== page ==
For example, can we really speak of “the first” color photograph and how is this fraught notion entangled with imperialism? How does the lack of chemical uniformity challenge the international history of certain color processes? How to formalize the relationship between color photography and other scientific disciplines and practices such as anthropology, spectrography, medicine etc.? How to integrate the research of scientists in the “Global South” about color photography, as well as the position of women and other marginalized groups? What role do the technical objects of color photography play in museum collections and in broadening the history of the medium?

    Target audience: Newcomers to the research on color photography circa 1900, PhD students, curators, conservators, established researchers.


Group Conveners

  • Janine's picture

    Janine Freeston

    Free-lance researcher, cataloger and digitizer of photographic archives, author, consultant, co-curator of photographic exhibitions, tutor and associate lecturer. She specializes in early color photography and photographic processes, currently researching the associated technological and litigious aspects of trichromatic technology up to the 1930s. Her completed thesis Colour photography in Britain, 1906-1932: Exhibition, Technology, Commerce and Culture - the Dynamics that Shaped its Emergence, will shortly be available. Janine is currently co-authoring an undergraduate study guide to understanding and applying research methods for photography in cultural studies and coordinates annual research symposiums on behalf of the Royal Photographic Society Historical Group with Andrew Robinson, Senior Lecturer in Photography at Sheffield Hallam University for academics, writers and collectors at any stage of their research.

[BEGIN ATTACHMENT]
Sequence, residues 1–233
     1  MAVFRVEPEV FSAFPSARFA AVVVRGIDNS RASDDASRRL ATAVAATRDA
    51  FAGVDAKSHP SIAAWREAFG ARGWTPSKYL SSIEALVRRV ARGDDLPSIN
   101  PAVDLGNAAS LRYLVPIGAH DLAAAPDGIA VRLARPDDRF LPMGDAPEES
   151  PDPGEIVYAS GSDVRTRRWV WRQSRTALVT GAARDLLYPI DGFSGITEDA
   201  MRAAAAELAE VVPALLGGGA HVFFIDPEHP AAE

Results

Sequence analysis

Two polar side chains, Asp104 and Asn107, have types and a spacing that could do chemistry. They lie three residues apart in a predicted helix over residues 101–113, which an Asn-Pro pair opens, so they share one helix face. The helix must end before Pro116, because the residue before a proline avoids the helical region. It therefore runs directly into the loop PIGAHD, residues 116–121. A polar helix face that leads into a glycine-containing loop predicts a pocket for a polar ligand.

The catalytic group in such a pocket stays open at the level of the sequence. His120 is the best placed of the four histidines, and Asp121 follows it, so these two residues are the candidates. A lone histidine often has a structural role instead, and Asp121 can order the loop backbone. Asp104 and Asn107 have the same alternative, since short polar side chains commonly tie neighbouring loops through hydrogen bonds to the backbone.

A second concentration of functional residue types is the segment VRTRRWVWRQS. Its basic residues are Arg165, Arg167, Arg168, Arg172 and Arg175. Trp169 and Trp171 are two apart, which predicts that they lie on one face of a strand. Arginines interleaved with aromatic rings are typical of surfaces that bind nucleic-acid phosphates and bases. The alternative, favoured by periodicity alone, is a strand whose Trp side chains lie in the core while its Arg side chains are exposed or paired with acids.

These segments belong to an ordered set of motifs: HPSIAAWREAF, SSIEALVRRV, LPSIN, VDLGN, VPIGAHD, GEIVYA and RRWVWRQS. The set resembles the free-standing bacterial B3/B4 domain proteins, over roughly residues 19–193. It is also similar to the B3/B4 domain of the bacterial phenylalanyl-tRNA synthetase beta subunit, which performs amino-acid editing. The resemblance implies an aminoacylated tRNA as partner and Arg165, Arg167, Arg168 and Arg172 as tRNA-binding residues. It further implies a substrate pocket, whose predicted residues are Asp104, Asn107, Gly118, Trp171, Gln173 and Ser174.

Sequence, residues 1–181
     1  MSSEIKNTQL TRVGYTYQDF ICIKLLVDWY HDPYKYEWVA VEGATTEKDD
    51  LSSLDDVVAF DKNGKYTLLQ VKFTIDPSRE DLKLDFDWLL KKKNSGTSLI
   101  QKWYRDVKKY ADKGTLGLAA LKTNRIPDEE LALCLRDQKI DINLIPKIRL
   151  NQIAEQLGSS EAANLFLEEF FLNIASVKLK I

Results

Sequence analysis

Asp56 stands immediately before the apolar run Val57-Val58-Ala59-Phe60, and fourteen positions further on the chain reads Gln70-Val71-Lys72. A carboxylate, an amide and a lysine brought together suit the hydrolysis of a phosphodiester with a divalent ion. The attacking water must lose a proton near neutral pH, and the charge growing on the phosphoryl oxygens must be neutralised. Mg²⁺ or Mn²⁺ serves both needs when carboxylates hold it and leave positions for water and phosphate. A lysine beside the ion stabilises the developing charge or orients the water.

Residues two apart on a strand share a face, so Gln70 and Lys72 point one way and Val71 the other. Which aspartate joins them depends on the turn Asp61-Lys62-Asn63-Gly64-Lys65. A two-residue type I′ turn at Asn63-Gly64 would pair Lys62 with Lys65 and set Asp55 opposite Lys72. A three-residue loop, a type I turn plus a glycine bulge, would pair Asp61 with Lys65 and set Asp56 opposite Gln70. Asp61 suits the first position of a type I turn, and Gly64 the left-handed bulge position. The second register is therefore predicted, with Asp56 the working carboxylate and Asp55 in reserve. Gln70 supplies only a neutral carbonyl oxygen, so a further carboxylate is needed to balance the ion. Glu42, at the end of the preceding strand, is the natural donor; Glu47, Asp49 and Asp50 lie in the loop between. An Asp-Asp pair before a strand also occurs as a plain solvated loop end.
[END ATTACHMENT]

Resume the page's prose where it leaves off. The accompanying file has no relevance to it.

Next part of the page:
• Hanin's picture

    Hanin Hannouch

    Dr. Hanin Hannouch (she/her) is Curator for Analog and Digital Media at the Weltmuseum Wien, where she is responsible for the collections of photography, film, and sound. Since November 2022, she has been a member of the advisory board of the European Society for the History of Photography (ESHPh). She is the editor of the first volume on interferential color photography titled "Gabriel Lippmann's Colour Photography: Science, Media, Museums" (Amsterdam University Press, 2022) and has guest-curated the exhibition "Slow Colour Photography" about it at Preus Museum: National Museum of Photography (Norway). Moreover, she is the guest-editor of the journal PhotoResearcher Nr. 37 "Three-Colour Photography around 1900: Technologies, Expeditions, Empires". Dr. Hannouch was a Post-Doc, among others, at the Ethnologisches Museum - Berlin State Museums (Prussian Cultural Heritage Foundation) and at the Kunsthistorisches Institut in Florenz / Max-Planck-Institut where she investigated colonial color photography in the 19th and early 20th century. She earned her PhD from IMT Lucca, Scuola Alti Studi (2017) with a dissertation on the history of film and art in the Soviet Union titled "Art History as Janus: Sergei Eisenstein on the Visual Arts," after completing an international Masters degree in art history and museology (IMKM) at the Ecole du Louvre in Paris and the University of Heidelberg in Germany (2014), as well as another Masters (2012) and a Bachelors focusing on European modern art at the Université Saint-Esprit de Kaslik (Lebanon). She speaks Arabic, French, English, German, Italian fluently and continues to learn Russian. Currently, she is writing her monograph on the history of color photography in Imperial Germany, as well as another book on the history of the photography collection at the Weltmuseum Wien.